Colectivos Offer Free-Market Transit Alternative

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Colectivos Offer Free-Market Transit Alternative

by Alan Mole

Alan Mole is a retired aerospace engineer from Boulder. He gave a talk about "colectivos" at a September 30 forum hosted by the Independence Institute. His notes, published below with his permission, are based on his previous discussions with Boulder officials.

I would like to suggest that we can solve our traffic problems easily and cheaply through a simple change in our laws: we should permit colectivos to operate in Colorado.

Colectivos, as they are known in South America, or "jitneys" as they were called in the States, are simply private cars licensed to carry passengers at will for a set or negotiated fee.

I used colectivos in Peru when I was sixteen. They are easy and convenient and cheap. One goes to the corner and waits, typically just two minutes, and flags one down as it drives up. The driver has two or three passengers already, but there is room for one more without crowding. The charge is just a little more than for a bus. The colectivo runs a set route. It makes only a couple of stops and makes good time, more like a cab than a bus. It is often faster than your private car would be, because you don't have to find a space and park it. If a passenger is heavily burdened with groceries or old or weak, the driver will usually take a bit more money and deviate a couple of blocks to drop the passenger at his or her door.

Colectivos are naturally regulated as to numbers -- at rush hour, when many passengers want go to work, there are many drivers going to work to pick them up; other times demand drops and so does supply.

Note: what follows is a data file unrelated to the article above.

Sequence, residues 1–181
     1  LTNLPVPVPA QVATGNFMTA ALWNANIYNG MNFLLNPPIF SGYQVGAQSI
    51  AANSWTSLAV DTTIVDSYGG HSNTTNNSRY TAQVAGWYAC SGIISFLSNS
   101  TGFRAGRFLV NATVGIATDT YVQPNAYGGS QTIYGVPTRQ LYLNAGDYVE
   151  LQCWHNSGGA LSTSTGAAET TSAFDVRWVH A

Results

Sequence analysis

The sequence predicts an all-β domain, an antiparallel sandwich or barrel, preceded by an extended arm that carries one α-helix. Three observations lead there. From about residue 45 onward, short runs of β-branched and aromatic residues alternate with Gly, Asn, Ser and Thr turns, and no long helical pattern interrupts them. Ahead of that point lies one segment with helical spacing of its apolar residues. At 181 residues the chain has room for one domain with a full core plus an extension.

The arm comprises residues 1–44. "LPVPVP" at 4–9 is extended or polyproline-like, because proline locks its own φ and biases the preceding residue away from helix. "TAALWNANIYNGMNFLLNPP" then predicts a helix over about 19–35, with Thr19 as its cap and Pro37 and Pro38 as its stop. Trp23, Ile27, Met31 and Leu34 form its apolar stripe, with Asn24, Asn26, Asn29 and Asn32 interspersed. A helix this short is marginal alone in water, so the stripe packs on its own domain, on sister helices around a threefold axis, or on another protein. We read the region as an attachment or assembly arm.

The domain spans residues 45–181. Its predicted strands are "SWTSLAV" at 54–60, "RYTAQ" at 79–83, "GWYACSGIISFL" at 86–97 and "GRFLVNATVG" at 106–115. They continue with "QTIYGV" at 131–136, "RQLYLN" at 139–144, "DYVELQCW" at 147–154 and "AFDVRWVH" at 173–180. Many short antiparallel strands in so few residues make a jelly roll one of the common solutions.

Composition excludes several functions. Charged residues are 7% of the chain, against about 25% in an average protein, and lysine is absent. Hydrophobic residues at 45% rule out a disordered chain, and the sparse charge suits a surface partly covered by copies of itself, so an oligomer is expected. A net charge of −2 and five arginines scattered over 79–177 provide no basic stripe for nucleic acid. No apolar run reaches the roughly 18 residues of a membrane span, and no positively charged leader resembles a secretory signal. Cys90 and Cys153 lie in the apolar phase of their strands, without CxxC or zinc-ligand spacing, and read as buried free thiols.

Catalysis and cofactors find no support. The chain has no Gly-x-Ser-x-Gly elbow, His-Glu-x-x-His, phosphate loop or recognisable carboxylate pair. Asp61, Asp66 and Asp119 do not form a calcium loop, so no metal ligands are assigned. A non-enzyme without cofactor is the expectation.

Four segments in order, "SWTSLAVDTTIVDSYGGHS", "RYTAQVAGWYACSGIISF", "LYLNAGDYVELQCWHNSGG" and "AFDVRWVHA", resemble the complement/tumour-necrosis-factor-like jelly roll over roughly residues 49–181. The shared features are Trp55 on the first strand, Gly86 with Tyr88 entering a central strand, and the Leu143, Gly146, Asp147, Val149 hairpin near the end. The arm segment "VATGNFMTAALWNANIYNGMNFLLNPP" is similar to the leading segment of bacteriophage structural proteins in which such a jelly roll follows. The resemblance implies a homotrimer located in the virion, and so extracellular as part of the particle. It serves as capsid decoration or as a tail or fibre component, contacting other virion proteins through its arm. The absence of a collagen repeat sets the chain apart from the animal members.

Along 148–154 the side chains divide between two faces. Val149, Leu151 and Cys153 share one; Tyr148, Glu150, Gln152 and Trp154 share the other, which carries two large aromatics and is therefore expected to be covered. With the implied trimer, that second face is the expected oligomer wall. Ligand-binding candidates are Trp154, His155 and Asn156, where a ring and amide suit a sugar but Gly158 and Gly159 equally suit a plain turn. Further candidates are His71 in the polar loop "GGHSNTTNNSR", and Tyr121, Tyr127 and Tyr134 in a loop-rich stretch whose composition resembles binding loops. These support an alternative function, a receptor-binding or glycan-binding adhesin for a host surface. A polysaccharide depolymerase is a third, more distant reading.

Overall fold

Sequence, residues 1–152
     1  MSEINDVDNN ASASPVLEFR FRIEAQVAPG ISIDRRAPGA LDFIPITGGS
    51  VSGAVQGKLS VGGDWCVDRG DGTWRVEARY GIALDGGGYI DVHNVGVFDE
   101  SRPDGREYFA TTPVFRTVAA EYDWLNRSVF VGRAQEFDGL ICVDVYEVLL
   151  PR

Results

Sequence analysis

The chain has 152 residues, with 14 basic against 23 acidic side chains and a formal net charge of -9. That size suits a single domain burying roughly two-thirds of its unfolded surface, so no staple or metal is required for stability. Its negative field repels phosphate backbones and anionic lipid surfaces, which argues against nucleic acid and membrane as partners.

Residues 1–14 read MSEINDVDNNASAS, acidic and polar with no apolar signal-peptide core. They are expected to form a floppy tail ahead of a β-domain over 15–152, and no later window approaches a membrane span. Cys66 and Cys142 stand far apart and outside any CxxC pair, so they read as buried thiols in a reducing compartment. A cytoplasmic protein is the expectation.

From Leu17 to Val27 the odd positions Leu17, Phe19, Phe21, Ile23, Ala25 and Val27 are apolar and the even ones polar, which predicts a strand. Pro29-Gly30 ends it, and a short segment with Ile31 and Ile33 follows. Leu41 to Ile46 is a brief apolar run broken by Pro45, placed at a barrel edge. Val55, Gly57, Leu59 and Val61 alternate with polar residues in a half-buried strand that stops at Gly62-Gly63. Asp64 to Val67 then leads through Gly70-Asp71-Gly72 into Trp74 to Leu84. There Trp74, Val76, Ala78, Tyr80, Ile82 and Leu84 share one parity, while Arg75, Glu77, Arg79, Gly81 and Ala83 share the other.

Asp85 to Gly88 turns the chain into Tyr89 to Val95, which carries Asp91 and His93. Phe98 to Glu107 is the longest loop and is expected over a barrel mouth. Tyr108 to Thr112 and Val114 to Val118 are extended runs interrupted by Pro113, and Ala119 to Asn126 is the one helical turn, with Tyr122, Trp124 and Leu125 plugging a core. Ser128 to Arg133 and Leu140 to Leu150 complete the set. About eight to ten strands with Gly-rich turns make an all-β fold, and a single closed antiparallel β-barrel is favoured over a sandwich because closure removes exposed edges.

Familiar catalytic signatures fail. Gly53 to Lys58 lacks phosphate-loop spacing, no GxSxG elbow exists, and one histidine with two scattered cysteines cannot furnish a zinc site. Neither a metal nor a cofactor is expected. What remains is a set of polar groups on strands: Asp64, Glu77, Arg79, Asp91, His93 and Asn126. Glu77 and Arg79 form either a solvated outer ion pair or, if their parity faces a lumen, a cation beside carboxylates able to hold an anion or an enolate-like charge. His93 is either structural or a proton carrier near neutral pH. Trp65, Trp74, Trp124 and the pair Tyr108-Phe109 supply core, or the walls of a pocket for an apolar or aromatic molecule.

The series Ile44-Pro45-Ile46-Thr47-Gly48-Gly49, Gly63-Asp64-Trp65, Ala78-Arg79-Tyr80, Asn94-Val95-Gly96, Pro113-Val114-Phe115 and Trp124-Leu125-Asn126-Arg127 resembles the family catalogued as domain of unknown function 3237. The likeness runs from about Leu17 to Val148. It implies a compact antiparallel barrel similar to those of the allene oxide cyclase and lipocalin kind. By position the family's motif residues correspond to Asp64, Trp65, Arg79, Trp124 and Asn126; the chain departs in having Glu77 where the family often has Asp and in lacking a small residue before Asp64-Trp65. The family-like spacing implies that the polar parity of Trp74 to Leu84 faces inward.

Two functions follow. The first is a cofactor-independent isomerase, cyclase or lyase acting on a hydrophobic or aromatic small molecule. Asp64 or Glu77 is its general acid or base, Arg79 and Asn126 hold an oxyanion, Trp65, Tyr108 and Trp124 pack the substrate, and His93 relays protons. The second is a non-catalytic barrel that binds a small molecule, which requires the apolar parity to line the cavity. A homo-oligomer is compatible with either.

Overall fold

Colectivos are comfortable -- cars are smooth and quiet, while buses lurch along swinging their miserable straphangers like pendulums, spewing clouds of stinking diesel smoke.

The colectivo system is flexible -- maybe I'd love to car pool but can't because I work overtime too often. But I can catch a colectivo to go home at 4:00, 6:00, 6:30, or 9:00 p.m., with no problem. Plus, I can get out at the grocery store and pick up some things, ride another route and pick up cleaning, and take a third route home. The car pool will never let you do that, and if you have to wait 30 minutes for a bus at each stop you won't get home before midnight.

Colectivos are good transportation. Yet they put two, three, or four passengers in a car, instead of the 1.5 usual in private cars, and thus they can cut traffic in half and solve all our problems.

Why don't we have them?

A system like this develops naturally when many people buy cars. It was developing in America in the 1920s, and so successfully that it threatened to drive buses and trolleys out of business. So the bus companies bribed or bullied the legislatures into outlawing jitneys. Now the law no longer serves its corrupt purpose of enriching bus owners -- the people own the busses and subsidize them heavily to cut traffic. Yet 96% of us still drive cars, so traffic remains terrible. But we still retain this obsolete foolish law that stifles the natural answer to our traffic problem.

What would take to set up a colectivo system?

One would want to license cars -- perhaps requiring a safety check on old ones -- and drivers -- only those with good records need apply and questionable applicants (like people of 90) would need to pass a driving test. Dangerous felons like convicted rapists would be excluded.

Insurance would be required. This should simply be a rider on a private liability policy, costing under a hundred dollars a year. (More on this below.)